Florida – On 2nd Try, Miami-Dade Commissioners Approve Petition Count
Miami Herald – Douglas Hanks | Published: 8/22/2016
Miami-Dade County commissioners agreed to start counting nearly 130,000 signatures tied to a proposed ballot measure on new campaign finance rules, but warned they still might halt the proposal over concerns raised by county attorneys. Only about 52,000 valid signatures are needed to win a spot on the November ballot. The proposed rules would impose a broad package of restrictions against campaign donations by vendors and lobbyists, prime sources of financial support for county officeholders.
Massachusetts – Donors Behind Charter Push Keep to the Shadows
Boston Globe – Mark Levenson | Published: 8/20/2016
A new $2.3 million ad boosting the expansion of charter schools in Massachusetts lists the campaign’s top five donors on screen, in accordance with state law. But the bland names, including Strong Economy for Growth and Education Reform Now Advocacy, give no hint of who is writing the checks. Four of the five donors to the pro-charter committee are nonprofit groups that do not, under state law, have to disclose their funders, allowing the individuals backing the effort to remain anonymous. The cloak of secrecy surrounding the financing of what could be the most expensive ballot campaign in state history has frustrated election officials and underscored the proliferation of untraceable money in political races across the country.
Missouri – Judge Tosses Out Effort to Keep Missouri Campaign Contribution Limits Off Ballot
St. Louis Post-Dispatch – Kurt Erickson | Published: 8/25/2016
Cole County Circuit Court Judge Patricia Joyce rejected an attempt to remove a voter initiative from the November 8 ballot that would impose limits on campaign contributions in Missouri for the first time since 2008. Attorney Chuck Hatfield said in court that the initiative unfairly limits some classes of businesses and associations from giving money to campaigns, but Joyce ruled the proposal mirrors federal law and is not unconstitutional. The decision will be appealed.
New York – Cuomo Signs Ethics Bill, with Few Cheers
Albany Times Union – Chris Bragg | Published: 8/24/2016
New York Gov. Andrew Cuomo signed legislation that reforms the state’s lobbying, ethics, and campaign finance laws. But watchdog groups criticized the bill for what they say is a failure to address conditions that have fueled some of Albany’s corruption cases in recent years. The new law includes restrictions on independent expenditure groups intended to reduce coordination with a candidate’s campaign. Another provision requires issue-oriented lobbying groups, designated as 501(c)(4) organizations, that spend more than $15,000 in a year on lobbying to disclose donors who give more than $2,500. The previous limits had been $50,000 and $5,000.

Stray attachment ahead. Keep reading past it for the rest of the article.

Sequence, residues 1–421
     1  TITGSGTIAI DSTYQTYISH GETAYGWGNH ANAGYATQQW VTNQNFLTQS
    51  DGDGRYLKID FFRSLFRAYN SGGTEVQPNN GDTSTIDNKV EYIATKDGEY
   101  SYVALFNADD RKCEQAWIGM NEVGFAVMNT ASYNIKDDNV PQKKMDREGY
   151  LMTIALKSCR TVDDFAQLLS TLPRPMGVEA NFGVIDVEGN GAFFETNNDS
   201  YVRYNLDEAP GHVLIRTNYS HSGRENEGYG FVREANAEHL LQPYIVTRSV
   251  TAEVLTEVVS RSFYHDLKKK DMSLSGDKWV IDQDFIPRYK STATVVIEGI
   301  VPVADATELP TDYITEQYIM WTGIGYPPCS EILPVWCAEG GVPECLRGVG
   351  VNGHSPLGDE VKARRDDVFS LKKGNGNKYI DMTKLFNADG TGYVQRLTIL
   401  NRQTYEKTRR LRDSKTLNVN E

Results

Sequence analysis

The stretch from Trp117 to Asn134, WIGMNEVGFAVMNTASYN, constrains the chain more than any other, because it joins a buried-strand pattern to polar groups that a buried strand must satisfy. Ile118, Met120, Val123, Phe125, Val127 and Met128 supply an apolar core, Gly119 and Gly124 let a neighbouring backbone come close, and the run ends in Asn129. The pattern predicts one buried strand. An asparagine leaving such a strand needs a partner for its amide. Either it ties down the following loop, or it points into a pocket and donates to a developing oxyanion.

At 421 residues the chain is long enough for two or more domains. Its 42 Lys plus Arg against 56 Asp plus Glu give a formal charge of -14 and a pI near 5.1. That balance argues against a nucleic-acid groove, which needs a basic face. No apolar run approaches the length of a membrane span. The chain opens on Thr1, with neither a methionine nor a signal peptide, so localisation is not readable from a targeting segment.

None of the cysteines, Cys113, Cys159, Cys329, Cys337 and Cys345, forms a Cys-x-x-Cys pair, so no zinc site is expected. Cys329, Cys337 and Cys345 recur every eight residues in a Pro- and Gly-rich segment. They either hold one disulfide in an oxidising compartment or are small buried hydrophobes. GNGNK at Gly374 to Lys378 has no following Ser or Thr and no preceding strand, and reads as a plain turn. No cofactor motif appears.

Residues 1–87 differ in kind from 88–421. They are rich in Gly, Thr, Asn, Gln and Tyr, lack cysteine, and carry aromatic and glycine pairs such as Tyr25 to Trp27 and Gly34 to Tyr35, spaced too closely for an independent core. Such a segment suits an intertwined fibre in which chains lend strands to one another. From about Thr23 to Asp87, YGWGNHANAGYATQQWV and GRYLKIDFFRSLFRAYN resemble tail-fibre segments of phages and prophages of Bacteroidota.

New York – NY State Ethics Watchdog Investigating Nonprofit with Ties to Large Corporate Political Donor
Nonprofit Quarterly – Larry Kaplan | Published: 8/23/2016
The New York Joint Commission on Public Ethics is looking into the nonprofit Pledge 2 Protect, created in 2013 to fight a marine waste transfer station on Manhattan’s Upper East Side. By law, nonprofits like Pledge 2 Protect must, if they spend more than $50,000 on lobbying, report the names of donors who contribute more than $5,000. Those amounts would be cut in half under a law awaiting Gov. Andrew Cuomo’s signature. Almost $700,000 made its way to Pledge 2 Protect the year it was formed with no indication of where the money really came from. The money was given first to a law firm, then to the group, so the only name that had to be disclosed was that of the law firm, not the actual donors. Among the opponents of the waste transfer station was Glenwood Management, a real estate firm that figured prominently in the corruption case against former Assembly Speaker Sheldon Silver.
Tennessee – Power Opens Door to Sexual Harassment
The Tennessean – Dave Boucher and Joel Ebert | Published: 8/21/2016
Powerful institutions and harassment at times go hand-in-hand. State Capitols are sometimes hotbeds of sexual harassment themselves. Most Legislatures are largely male, part-time, and require members to travel away from home, creating a fraternity atmosphere. In Tennessee, where 22 out of 132 lawmakers are women and 85 percent are white, the political culture has included limited policies and safeguards, leaving women with few options.
Wisconsin – Ethics Commission Will Be Able to Make Political Donations
Minneapolis Star Tribune – Scott Bauer (Associated Press) | Published: 8/23/2016
Members of the Wisconsin Ethics Commission will be able to make political donations. The commission voted to continue with the current practice allowing them to give to candidates and campaign committees. Nothing in state law bars Ethics Commission members from donating to the very politicians they are regulating. Commission members are partisan appointees, unlike their predecessors on the Government Accountability Board who were judges and prohibited under the law from donating.